College Education Impact On Korean Women

College Education Impact On Korean Women

Introduction

Education is primarily assumed to promoting cultural, social, and economic transformation in times of essential national and world changes[1]. Practically, transformations in education have vied as a common theme in many world plans and, more so, the education systems for school's development. As observed by Seymour, education transformation history has been associated with disappointment as well as failure in attempts to achieve the intended objectives, not forgetting the implementation of new developments. From back in the early 1960s, the transformations in education have passed from several phases as far as development in the sector is concerned[2].

Educational reforms date back in the early 21st century with many transformational strategies, all of which have enhanced successful changes in the education system. My thesis is to discuss various phases of educational reform as well as provide an explanation of the impact of college education on job and marriage rates in as much as Korean women are concerned.

Phases of Educational Transformation In Korea

The 1960s so the first educational transformation when changes in education more so western countries were viewed as "externally mandated substantial-scale changes "that effectively aimed at reevaluating and renewing instruction and curricula in the education system. The second educational transformation is based in the early 1970s, a time that most associated with elevating dissatisfaction of government and public leaders for education as well as decreasing school performance and decreasing school financing all lead to massive educational transformation[3]. 

Later on, more consideration was based on granting the power of making decisions to the local schools and making them accountable for their deeds in such institutions. From this time henceforth, education reforms gradually became a susceptible area that required much attention. They were to be managed by authorities from school heads as well as communities that were based around the schools, and this is what marked the third educational phase.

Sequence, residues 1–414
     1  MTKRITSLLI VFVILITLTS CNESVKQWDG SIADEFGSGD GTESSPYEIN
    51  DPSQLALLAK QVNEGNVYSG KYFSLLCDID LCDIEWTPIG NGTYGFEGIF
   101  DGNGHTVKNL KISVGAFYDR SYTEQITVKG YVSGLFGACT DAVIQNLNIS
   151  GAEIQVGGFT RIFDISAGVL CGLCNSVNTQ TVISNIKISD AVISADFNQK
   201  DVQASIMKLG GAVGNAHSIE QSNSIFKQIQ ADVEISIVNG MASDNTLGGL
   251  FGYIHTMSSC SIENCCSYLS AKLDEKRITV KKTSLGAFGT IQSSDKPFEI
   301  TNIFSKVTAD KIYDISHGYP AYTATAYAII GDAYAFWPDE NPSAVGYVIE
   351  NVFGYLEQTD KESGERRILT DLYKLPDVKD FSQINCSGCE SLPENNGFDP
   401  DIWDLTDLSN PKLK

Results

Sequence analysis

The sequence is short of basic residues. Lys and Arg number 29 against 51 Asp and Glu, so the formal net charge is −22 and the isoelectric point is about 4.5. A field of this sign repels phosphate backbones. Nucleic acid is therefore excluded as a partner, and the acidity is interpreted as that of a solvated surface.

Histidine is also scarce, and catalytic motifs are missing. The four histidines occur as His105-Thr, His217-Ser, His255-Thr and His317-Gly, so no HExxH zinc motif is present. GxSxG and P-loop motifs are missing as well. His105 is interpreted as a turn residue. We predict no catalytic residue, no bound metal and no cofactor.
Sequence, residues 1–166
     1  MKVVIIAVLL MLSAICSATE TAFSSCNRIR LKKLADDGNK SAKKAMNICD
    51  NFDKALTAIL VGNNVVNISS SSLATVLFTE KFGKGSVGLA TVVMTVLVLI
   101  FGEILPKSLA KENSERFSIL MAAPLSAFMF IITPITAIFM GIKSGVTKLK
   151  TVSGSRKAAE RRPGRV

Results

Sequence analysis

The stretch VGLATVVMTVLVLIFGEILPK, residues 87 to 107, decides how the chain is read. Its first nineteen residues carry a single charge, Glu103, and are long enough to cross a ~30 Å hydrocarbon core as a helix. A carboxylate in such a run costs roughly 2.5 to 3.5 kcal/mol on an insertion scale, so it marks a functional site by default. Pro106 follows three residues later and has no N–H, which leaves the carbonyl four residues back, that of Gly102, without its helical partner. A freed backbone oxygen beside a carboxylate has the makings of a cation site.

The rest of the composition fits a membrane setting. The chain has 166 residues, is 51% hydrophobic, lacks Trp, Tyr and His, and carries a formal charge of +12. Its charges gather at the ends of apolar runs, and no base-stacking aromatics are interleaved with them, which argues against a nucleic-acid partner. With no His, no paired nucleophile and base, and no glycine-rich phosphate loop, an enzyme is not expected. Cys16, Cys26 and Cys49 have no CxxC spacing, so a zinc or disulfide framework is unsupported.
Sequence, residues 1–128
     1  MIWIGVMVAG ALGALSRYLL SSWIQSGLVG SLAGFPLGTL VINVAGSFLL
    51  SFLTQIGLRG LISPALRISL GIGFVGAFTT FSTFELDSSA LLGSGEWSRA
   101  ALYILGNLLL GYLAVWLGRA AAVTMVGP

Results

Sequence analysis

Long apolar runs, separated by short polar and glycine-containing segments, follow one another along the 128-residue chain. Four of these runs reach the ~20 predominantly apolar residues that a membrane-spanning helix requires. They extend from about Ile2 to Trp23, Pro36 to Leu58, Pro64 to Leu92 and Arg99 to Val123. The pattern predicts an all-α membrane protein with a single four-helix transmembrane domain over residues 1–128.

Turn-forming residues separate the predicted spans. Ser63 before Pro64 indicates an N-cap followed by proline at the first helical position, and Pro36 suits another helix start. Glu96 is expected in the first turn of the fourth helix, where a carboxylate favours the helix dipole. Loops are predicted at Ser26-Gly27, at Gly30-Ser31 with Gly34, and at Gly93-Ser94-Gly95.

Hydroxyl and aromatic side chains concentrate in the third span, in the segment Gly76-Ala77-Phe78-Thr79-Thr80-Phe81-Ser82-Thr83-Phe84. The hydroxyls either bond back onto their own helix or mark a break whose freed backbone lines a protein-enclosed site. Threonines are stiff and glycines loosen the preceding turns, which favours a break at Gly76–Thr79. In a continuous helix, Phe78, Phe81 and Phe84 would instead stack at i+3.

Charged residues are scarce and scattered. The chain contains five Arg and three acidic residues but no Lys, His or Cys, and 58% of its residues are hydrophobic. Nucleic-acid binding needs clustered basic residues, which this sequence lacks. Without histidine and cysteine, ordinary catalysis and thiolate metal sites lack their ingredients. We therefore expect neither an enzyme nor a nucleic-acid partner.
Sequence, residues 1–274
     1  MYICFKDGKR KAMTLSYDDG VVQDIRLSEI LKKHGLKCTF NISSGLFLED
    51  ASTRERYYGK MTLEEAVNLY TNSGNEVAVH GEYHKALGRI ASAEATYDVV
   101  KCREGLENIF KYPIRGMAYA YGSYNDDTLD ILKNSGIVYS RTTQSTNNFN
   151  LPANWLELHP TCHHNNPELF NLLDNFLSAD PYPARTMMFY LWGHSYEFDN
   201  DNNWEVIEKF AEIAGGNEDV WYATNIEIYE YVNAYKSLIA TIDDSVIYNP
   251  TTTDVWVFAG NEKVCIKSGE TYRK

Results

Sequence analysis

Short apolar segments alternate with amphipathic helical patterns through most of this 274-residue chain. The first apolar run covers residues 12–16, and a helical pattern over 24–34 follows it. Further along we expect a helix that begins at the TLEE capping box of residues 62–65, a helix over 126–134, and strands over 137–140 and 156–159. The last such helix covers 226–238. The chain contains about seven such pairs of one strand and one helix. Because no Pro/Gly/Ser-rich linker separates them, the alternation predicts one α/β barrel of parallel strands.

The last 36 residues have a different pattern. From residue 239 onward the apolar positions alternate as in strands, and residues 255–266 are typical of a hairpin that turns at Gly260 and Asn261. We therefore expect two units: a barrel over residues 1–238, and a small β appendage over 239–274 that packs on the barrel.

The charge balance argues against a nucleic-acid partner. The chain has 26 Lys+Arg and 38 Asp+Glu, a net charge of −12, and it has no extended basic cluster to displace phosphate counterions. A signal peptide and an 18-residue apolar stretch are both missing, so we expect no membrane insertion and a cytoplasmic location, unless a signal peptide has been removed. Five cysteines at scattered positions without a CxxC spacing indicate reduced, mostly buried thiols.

Later on, the government, as well as those given the responsibility to overlook issues that could enhance the education sector found that accountability alone and schools managing themselves were not sufficient to bring the transformation that was required to make successful progress in education. Besides, the government went on putting more emphasis on systematic reforms, organizational learning as well as large scale reforms initiatives not restructuring the fields that were isolated in the educational sector. According to Shlomo Shoran and the group, an educational transformation has evolved from the linear techniques to nonlinear approaches, all of having emphasized transformational processes complexity.

On the same note, reforms focus has now shifted from preplanning single aspects in educational systems in response to changing institutional cultures that are existing in school systems and towards improving more considerable school sections as well as systems but not distinct schooling components.

Emerging Theories in Educational Transformation In Korea

It has been generally accepted that massive educational transformation is difficult to achieve with only a mere linear technique that is regarded by many as the" Recipe like" method in the 21st century. Different views among practitioners and theorists are developing against traditional methods of educational change.

These are because they do not apply or else provide firm conceptual components that boost multi-dimensional requirements. The primary limitation of educational transformation is getting an understanding and coping with massive reforms in an unknown turbulent world. New emerging theories in educational change have started employing ideas and ideas from chaos sciences as well as complexity[4].